Viscosity and coefficient of thermal expansion (CTE) are both crucial properties in the design of new glasses for various applications. In this work, we extend the application of dilatometry to measure two important parameters governing the viscosity of glass-forming systems, viz., glass transition temperature and fragility index. We also describe a method to determine the dilatometric fictive temperature (Tf,DIL) and present data for five unique glass compositions covering a range of fragilities spanning 38-96, which are subjected to cooling and reheating rates in the range 1-30 K/min. The results show that the glass transition temperature obtained from the dilatometric method at 10 K/min (Tg,DIL) is consistent with both viscosity-based (Tg,vis) and DSC-based measurements (Tg,DSC). It is shown that the fragility of a liquid (mvis) can be determined by calibrating the dilatometric fragility (mDIL) with the same empirical model as in the calorimetric approach. Put together, we have developed a reliable method to measure the fragility and predict the viscosity curves of glass-forming liquids over a wide range (eg, 101-1016 Pa·s) without direct viscosity measurements, while simultaneously obtaining the CTE of the glass. However, this method is not suitable for glasses with a strong tendency toward phase separation or crystallization.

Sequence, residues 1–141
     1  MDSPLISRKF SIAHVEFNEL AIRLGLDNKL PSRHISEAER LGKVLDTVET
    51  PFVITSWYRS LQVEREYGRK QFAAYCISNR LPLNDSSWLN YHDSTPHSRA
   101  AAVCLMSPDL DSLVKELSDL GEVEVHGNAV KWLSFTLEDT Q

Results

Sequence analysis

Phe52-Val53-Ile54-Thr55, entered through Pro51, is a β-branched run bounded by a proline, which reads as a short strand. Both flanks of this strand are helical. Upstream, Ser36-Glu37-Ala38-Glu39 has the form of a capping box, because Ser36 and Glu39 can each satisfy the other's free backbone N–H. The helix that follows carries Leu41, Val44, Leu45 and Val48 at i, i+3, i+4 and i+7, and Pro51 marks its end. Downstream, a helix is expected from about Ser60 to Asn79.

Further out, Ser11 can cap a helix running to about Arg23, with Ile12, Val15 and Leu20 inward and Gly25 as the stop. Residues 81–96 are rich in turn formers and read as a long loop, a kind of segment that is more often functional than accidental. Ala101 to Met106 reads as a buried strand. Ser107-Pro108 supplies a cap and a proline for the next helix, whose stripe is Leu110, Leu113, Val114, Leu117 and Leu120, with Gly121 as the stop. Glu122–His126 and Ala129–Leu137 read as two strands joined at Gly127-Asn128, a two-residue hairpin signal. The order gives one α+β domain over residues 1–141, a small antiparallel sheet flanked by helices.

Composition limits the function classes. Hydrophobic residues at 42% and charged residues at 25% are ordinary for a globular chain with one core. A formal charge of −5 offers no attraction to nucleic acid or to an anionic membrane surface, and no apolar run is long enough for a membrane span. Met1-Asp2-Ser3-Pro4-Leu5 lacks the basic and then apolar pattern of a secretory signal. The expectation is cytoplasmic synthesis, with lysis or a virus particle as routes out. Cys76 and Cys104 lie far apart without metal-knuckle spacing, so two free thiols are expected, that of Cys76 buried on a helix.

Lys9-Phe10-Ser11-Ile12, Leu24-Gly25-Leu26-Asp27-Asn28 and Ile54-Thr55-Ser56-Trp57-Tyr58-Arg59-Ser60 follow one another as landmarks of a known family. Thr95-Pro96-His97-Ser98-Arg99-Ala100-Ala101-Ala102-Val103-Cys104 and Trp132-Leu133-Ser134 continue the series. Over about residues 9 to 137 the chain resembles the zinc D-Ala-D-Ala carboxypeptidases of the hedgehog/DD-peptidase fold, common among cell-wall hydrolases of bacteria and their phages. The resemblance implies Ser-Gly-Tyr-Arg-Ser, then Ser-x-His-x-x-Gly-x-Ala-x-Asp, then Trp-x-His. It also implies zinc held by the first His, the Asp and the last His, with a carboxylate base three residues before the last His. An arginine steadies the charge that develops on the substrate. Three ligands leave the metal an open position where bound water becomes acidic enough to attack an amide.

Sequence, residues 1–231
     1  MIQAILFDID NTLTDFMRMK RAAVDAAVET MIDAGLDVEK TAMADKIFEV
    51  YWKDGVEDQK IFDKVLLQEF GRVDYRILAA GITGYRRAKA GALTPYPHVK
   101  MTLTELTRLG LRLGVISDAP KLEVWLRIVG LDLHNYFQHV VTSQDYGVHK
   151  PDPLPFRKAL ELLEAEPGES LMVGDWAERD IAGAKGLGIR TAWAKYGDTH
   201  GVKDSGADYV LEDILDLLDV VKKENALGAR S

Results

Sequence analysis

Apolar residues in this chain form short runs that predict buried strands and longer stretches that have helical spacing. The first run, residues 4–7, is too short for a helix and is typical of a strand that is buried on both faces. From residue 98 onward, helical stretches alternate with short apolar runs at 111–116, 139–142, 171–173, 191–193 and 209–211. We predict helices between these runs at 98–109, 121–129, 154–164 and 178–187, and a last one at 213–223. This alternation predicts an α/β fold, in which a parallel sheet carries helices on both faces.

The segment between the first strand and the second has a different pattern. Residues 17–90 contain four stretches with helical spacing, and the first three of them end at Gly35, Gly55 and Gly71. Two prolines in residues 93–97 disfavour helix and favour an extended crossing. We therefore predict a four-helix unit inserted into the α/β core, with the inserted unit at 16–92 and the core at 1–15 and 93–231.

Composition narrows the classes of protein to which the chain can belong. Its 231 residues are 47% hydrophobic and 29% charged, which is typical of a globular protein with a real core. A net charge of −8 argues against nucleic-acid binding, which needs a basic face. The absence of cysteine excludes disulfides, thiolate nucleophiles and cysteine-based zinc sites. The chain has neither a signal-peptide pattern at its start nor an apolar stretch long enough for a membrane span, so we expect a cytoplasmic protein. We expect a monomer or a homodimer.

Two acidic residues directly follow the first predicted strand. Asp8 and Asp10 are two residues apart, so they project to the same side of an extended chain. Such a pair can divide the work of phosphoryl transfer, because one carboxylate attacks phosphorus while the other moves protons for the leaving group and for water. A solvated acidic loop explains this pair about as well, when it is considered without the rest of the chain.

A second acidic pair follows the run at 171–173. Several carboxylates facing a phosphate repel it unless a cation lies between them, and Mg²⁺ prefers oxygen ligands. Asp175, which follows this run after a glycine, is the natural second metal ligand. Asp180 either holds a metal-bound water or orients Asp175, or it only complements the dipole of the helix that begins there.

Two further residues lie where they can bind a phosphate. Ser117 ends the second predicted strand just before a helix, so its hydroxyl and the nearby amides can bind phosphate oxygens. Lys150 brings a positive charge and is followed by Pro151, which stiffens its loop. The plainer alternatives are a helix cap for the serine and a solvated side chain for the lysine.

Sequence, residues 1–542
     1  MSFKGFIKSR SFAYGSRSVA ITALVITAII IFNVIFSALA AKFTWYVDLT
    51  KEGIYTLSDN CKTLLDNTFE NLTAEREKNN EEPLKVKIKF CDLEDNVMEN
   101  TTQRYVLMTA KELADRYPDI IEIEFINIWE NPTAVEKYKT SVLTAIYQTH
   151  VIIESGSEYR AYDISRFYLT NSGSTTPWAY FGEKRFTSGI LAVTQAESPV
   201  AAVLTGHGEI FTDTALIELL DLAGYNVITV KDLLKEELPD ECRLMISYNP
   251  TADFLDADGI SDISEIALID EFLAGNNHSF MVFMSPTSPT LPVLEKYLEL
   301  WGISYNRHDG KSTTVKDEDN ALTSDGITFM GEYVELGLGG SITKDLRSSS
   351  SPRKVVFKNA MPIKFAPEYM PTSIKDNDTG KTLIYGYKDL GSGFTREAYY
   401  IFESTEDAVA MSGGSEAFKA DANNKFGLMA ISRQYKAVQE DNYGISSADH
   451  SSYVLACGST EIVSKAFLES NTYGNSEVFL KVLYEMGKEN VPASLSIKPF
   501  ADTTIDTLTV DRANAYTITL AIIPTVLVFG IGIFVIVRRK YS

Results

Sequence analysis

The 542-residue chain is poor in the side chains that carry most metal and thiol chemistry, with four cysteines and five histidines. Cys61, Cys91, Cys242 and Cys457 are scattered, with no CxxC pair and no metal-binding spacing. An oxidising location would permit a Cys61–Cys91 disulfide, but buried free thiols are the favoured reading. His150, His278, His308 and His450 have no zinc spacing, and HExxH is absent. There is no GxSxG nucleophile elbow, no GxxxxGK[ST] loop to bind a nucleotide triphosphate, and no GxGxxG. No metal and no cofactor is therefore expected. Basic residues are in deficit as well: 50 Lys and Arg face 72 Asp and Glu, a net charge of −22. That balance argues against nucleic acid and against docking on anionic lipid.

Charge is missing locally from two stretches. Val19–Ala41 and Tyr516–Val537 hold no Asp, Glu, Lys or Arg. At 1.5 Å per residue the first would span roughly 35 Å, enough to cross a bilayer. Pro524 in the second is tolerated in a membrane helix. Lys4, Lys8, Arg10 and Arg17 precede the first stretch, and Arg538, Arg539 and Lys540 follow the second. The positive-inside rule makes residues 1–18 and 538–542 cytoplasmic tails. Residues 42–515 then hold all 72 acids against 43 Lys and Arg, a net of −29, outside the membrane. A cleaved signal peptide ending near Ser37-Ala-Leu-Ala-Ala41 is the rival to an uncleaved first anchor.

All Science Journal Classification (ASJC) codes
- Ceramics and Composites
- Materials Chemistry